Registrations have been rolling in for our homeschool co-op, and the most popular classes are full already. Math doesn’t seem to be a “most popular” class. I can’t imagine why! Still, many of my students from last year are coming back for another go, and I am getting spill-over from the science class waiting list.

Anyway, I have started planning in earnest for our fall session. As usual, I look to those wiser than myself for inspiration…

Many teachers are concerned about the amount of material they must cover in a course. One cynic suggested a formula: since, he said, students on the average remember only about 40% of what you tell them, the thing to do is to cram into each course 250% of what you hope will stick.

On a more serious note:

It seems quite unrealistic to judge a curriculum by its general outline, or to judge a course by its syllabus. We can “cover” very impressive material, if we are willing to turn the student into a spectator. But if you cast the student in a passive role, then saying that he has “studied” your course may mean no more than saying of a cat that he has looked at a king. Mathematics is something that one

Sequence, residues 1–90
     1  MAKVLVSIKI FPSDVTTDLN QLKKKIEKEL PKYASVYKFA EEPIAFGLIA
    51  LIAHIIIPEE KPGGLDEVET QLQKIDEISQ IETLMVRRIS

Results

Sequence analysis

does.

This one came to mind as I started reading our elementary math club book for this fall, Creative Problem Solving in School Mathematics.

Polya has become the Marx and Lenin of mathematical problem solving; a few words of obeisance need to be offered in his name before an author can get down to the topic at hand.

— Jeremy Kilpatrick [pdf 97KB]

All of the above were quoted by Rosemary Schmalz in Out of the Mouths of Mathematicians: A Quotation Book for Philomaths.

Finally, when I downloaded the Jeremy Kilpatrick article, I found this gem:

Mathematics education is much more complicated than you expected, even though you expected it to be more complicated than you expected.

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